Times may be tougher for Britain’s landlords but new figures suggest the blow of selling up for many has been softened by years of house price gains.
Figures released today from estate agents Hamptons International show that landlords who sold a buy-to-let property in England and Wales last year did so for £79,770 more than they paid for it.
But that hefty profit is overshadowed by the sums landlords are making in London – the most profitable area to sell up – where the average investor cashing in rakes in £248,120.
That is 21 times the profit made by landlords in the North East, who made the smallest average gain of £11,810.
House price growth has left landlords with homes worth far more than when they bought them
Tighter regulations and a tougher tax regime are squeezing many property investors out of the sector – or forcing them to sell up in London and the South East and reinvest elsewhere in search of better yields.
But while a crackdown on tax relief and higher investment costs may have taken their toll on landlords’ appetite to invest today, rapid house price growth over the past 10 years has left long-term landlords with properties worth far more today than when they bought them.
This has left investors with a significant profit, even once capital gains tax is taken into account.
However, it looks like the perfect time to cash in might have passed. The £79,770 average figure is £3,660 less than the £83,430 average gross gain landlords made per property in 2017.
Most landlords are still making a profit; last year, 85 per cent of landlords sold their buy-to-let for more than they paid for it, with just 15 per cent making a loss.
As with all things housing related, the figures vary widely based on region.
Landlords who sold up in London last year made the biggest gain at £248,120, having owned their property for 9.6 years on average.
This was still £24,000 less than they would have made had they sold the year before.
Landlords who sold their buy-to-let in the North East, meanwhile, made the smallest average gain of £11,810, some £4,270 less than in 2017.
There were just four local authorities in England and Wales where landlords were more likely to sell their buy-to-let for less than they paid for it last year – South Tyneside, where just 49 per cent made a profit, Sunderland at 48 per cent, Darlington at 45 per cent, and Middlesbrough at 43 per cent.
|Region||Average landlord gain 2018||YoY change in average gain||% making gain 2018|
|Yorks & the Humber||£26,870||£4,490||74%|
|Source: Hamptons International|
Landlords selling in Kensington and Chelsea made the biggest pre-tax profit, averaging £1,072,880, having owned their property for 10.6 years on average.
How is capital gains tax calculated on buy-to-let?
If you sell your buy-to-let property for more than you bought it for, you’ll pay capital gains tax on the difference, after taking costs such as estate agent fees in account.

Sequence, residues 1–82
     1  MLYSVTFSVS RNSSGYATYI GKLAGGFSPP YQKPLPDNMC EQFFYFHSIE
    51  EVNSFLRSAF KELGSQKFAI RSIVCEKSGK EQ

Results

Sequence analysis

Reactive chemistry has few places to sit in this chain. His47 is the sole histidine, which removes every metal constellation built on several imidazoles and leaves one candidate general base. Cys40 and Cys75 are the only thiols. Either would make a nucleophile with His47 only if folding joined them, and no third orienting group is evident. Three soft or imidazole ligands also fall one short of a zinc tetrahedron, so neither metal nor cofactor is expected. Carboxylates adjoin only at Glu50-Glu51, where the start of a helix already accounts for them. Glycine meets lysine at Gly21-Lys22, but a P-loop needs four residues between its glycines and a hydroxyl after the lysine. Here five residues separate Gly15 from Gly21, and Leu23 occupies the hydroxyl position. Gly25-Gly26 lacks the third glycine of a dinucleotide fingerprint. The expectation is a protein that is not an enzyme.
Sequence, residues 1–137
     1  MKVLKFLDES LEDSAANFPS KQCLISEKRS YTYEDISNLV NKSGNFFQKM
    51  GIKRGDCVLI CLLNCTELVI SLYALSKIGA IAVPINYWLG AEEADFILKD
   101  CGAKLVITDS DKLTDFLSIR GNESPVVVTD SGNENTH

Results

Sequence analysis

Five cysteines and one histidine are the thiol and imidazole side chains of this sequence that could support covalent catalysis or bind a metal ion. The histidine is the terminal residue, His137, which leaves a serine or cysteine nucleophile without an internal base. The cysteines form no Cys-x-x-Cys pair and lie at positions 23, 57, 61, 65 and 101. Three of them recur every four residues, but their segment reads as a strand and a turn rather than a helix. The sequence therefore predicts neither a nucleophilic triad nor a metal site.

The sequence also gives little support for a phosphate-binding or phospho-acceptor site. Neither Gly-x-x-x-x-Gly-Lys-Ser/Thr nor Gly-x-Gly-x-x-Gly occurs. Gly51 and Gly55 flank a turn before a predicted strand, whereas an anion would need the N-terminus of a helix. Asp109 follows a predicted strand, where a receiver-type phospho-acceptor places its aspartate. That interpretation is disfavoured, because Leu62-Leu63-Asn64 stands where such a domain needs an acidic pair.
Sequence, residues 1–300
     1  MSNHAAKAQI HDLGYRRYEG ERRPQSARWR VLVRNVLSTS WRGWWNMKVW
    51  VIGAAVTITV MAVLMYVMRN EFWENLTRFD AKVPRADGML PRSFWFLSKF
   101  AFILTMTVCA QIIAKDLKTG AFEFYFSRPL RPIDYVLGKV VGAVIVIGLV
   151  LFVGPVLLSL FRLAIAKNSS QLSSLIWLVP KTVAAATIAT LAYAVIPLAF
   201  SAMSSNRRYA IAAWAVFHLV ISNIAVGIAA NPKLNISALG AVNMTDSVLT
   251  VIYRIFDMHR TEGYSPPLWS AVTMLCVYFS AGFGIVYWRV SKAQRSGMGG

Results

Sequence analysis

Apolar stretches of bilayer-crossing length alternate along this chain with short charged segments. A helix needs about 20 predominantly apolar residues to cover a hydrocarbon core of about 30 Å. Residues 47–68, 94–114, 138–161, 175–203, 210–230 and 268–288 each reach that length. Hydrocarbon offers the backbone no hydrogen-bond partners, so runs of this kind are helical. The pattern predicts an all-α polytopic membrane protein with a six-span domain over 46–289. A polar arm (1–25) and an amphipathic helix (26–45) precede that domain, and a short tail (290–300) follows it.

As an individual in 2018/19 you’ll get a £11,700 personal allowance on which you don’t have to pay tax for any capital gains made.
Everything over this amount will be taxed.
On property, gains are taxed at 18 per cent for basic rate taxpayers and 28 per cent for higher rate taxpayers.
If a landlord has lived in the property they are selling for a period of time, they may be eligible for private residence relief.
Aneisha Beveridge, head of research at Hamptons International, said: ‘The average landlord who sold their buy-to-let last year did so for nearly £80,000 more than they paid for it.
‘But given lower expected future house price growth and tighter mortgage regulation, more investors are shifting their focus from capital gains to yields.
‘Rental growth accelerated to 2.1 per cent in Great Britain last month, the highest level since January 2018. This was driven by a 3.9 per cent year-on-year increase in London rents.’
This isn’t to say that everything is rosy in the buy-to-let space. In fact, in the past month repeated studies have found that landlords are increasingly leaving the market as a combination of recent tax and regulatory changes squeeze the sector.
Figures released this week by the Royal Institution of Chartered Surveyors confirmed the extension of the longest uninterrupted sequence of falling landlord instructions since records started in 1998, while a Residential Landlords Association study found last week that a quarter of private landlords are looking to sell at least one property over the next year.
Data released last week from the UK’s banking trade body UK Finance suggests that more and more landlords are falling behind on their mortgage payments.
There were 4,620 buy-to-let mortgages in arrears of 2.5 per cent or more of the outstanding balance in the first three months of the year, 3 per cent greater than in the same quarter of the previous year.
Within the total, there were 1,200 buy-to-let mortgages with more significant arrears, representing 10 per cent or more of the outstanding balance.
This was 12 per cent greater than in the same quarter of the previous year.
Some 570 buy-to-let mortgaged properties were repossessed in the first three months of the year, 14 per cent fewer than in the same quarter of the previous year.
Jeremy Leaf, estate agent and a former RICS residential chairman, said: ’The softening in the housing market is reflected in these figures, particularly for buy-to-let landlords who are falling into arrears from the pressure of tax and regulatory changes, as we might have expected.’
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